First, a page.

These wills that stick in your throat

In movies, stories of inheritance that sow discord in wealthy families keep us in suspense. In real life, some wills cause great suffering, regardless of the amounts. A reality that is taboo and little known by force of circumstances.

I recently wrote about these parents who disinherited their children from their first union after finding love again. In Quebec, no less than 30% of men and 12% of women would do so1.

Far be it from me to judge those who do not include the names of their descendants in their wills. There could be all sorts of reasons, some excellent, others rational, vindictive, shocking, irresponsible. The list could be long.

Regardless of what is really behind our decisions regarding legacy, they can have very serious consequences on a psychological level. The effects of such a decision must not be underestimated both by the testators and by the notaries who draw up the last will.

That is the message or rather the warning that the woman I will call Simone wants to convey. When his father died in 2017, he left his four grown children not a penny. This decision stopped all the family members.

“One of my brothers suffered from very deep depression, the other had increasingly serious behavioral problems. My sister was shocked inside and shut up like an oyster. We were all rejected. I did not accept his betrayal. »

For Simone, it is unimaginable to have a pleasant relationship with her father, to care for him when he was ill at the end of his life, to exchange smiles for years, and then to be “stabbed in the back with a club”. in her will. “Was it all wind? I suffer every day because of this. » A 60-year-old woman feels excluded from her own family.

Novelist and columnist Geneviève Pettersen (98.5 and Noovo) “captive” revealed my text2 publicly that his father, who died last summer, left him nothing. Until then, despite her suffering, she spoke little about it, even to those around her. There was shame, of course. But she was also afraid of being seen as “money,” she told me.

This is what makes an affair so invisible: how can you express your pain without attracting criticism and hurtful judgments?

Geneviève notes that her father’s choice complicates her grieving process. “That’s an understatement. It’s extremely painful to face this unchangeable decision made by a parent. And it can be extremely violent to conclude that you’re not worth five cents. »

Both women are convinced: getting a little nothing would change everything. It could be a fishing rod, a letter, a trinket… Legacy is not a question of money, it’s a feeling that I was important to someone, that I’m part of a clan.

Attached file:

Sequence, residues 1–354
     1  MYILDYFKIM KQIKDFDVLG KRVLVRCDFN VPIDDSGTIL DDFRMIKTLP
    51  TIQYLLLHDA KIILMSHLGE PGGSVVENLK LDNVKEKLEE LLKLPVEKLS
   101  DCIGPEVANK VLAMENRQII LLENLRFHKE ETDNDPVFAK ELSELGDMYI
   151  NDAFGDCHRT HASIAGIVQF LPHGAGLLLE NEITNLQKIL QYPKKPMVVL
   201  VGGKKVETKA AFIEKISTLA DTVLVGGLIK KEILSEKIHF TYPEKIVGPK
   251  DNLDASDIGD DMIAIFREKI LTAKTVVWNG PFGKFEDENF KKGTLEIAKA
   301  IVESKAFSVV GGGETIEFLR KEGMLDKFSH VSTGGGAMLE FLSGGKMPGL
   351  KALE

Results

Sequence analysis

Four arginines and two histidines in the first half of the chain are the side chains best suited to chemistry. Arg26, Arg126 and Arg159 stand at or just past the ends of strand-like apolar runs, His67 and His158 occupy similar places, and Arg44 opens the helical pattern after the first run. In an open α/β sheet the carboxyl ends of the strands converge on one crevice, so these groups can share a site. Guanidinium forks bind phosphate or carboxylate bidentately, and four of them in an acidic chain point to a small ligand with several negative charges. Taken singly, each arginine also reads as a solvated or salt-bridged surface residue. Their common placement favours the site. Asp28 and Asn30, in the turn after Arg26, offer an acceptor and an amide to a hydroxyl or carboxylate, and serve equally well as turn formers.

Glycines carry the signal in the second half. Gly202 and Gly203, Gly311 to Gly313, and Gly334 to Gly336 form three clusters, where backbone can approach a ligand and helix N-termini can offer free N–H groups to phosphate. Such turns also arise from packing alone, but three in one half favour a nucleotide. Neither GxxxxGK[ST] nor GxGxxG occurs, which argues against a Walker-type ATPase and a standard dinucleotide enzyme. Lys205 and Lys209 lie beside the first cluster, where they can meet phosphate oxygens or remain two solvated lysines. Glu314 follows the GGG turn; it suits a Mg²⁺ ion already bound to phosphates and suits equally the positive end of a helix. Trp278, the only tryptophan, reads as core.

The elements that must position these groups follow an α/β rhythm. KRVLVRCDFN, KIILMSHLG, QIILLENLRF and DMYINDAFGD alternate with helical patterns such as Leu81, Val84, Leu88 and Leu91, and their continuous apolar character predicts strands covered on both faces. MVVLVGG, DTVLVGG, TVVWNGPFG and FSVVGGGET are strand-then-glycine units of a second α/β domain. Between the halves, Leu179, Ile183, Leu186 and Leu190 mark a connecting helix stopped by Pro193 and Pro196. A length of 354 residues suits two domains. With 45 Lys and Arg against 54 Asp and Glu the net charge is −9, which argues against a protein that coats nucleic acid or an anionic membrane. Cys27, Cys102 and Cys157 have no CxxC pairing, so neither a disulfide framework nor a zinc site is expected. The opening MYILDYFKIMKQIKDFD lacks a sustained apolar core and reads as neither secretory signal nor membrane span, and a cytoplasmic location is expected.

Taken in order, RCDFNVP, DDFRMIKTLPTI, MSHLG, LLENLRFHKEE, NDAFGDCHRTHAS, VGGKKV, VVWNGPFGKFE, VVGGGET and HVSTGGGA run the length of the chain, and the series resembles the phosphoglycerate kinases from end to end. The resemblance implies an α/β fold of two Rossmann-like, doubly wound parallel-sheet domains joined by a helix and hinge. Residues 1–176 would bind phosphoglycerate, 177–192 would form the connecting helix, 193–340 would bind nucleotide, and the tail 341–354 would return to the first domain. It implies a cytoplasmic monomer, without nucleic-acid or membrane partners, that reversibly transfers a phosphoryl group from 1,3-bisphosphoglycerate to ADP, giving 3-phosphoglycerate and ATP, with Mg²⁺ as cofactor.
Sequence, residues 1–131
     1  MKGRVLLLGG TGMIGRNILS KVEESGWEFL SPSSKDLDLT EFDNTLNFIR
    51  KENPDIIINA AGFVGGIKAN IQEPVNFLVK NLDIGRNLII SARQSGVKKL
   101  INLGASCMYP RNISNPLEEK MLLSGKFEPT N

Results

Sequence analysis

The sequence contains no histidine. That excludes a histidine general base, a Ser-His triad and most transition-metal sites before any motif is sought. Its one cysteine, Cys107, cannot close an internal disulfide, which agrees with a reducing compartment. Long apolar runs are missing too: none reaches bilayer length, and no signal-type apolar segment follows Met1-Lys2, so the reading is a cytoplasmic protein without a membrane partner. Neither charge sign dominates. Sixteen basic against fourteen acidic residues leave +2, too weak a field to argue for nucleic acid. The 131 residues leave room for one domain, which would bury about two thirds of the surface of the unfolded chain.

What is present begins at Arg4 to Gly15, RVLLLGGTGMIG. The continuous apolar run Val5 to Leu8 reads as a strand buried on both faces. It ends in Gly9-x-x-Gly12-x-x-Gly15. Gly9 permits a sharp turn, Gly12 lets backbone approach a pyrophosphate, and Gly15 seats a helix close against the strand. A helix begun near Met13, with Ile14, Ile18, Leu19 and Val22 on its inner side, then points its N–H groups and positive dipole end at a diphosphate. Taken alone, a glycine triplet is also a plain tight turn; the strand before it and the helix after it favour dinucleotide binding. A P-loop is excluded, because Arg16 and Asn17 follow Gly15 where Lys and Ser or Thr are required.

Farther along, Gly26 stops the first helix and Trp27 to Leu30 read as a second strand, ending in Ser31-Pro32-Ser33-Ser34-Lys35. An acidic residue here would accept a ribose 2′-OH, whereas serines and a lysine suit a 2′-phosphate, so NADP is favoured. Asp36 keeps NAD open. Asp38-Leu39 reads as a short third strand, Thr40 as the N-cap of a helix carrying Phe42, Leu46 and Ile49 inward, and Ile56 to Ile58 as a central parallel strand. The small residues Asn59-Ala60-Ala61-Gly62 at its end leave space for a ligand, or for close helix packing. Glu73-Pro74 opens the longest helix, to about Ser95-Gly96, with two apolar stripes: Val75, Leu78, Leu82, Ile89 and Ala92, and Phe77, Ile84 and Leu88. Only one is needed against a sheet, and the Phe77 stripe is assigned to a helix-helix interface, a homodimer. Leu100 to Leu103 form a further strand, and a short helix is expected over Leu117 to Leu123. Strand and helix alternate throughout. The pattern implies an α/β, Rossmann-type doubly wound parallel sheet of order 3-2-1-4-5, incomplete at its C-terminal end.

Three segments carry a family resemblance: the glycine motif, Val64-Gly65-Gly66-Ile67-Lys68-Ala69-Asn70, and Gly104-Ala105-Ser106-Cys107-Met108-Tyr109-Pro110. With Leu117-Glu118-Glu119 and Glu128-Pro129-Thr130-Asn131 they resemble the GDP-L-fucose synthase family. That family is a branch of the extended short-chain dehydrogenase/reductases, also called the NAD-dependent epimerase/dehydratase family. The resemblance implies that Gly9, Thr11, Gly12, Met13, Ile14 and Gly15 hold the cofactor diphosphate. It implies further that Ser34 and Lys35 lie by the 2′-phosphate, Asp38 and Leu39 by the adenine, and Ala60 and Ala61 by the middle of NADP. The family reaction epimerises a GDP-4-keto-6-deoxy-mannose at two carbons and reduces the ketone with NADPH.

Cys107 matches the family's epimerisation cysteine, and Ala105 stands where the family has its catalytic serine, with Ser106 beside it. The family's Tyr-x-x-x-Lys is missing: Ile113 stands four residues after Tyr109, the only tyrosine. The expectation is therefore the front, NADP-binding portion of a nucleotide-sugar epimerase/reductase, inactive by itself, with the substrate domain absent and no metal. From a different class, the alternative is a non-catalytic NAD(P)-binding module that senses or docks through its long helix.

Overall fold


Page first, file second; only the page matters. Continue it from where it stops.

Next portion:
For this reason, Simone contested the will with her siblings. In a way, restore the family. The matter was resolved amicably. A friend of the deceased, who allegedly manipulated him to get all his property, ended up sharing it, according to the lawsuit.

Despite everything, Simone agrees with Quebec laws that allow her to bequeath her property to people of her choice, which is not the case in France. However, she questions the role of notaries. Did she, who had always taken care of her family’s affairs, and who changed her father’s will in favor of her boyfriend, find it strange that four children were suddenly struck out of the text? In theory, she should.

But since her client appeared capable of testing (no major change in mental capacity) and single, the notary had to respect his wishes, reasonable or not. The important thing is that the choices are thought out and understood. The process is of course confidential: there is no question of notifying disadvantaged children.

To minimize the risk of a dispute and give parents some thought, Notary Cassandra Vermette asks a lot of questions in these types of situations. “What is the reason?” Did something big happen or is it just frustration that you didn’t see your child for Christmas? We need to make people aware of what disinheriting a child or all children will create in reading. »

Unfortunately, the Chamber of Notaries and the Chamber of Advocates do not have any statistics on the proportion of contested wills or on the number of cases of this type heard by the courts.

But it happens, and people win “regularly,” reveals research by Christine Morin, full professor at Laval University’s law school and notary emeritus. The most common reason for the dispute is “incapacity of the testator”. But Justice also deals with cases where the deceased appears to have been fraudulently influenced by a person in bad faith, which is called entrapment.

With the proliferation of blended families with complex organizational schemes, we must expect that painful disappointments and disputes will become more and more numerous.

1. Read the article “Disinheriting Your Children Like Johnny Hallyday”

2. Check out Geneviève Pettersen’s column

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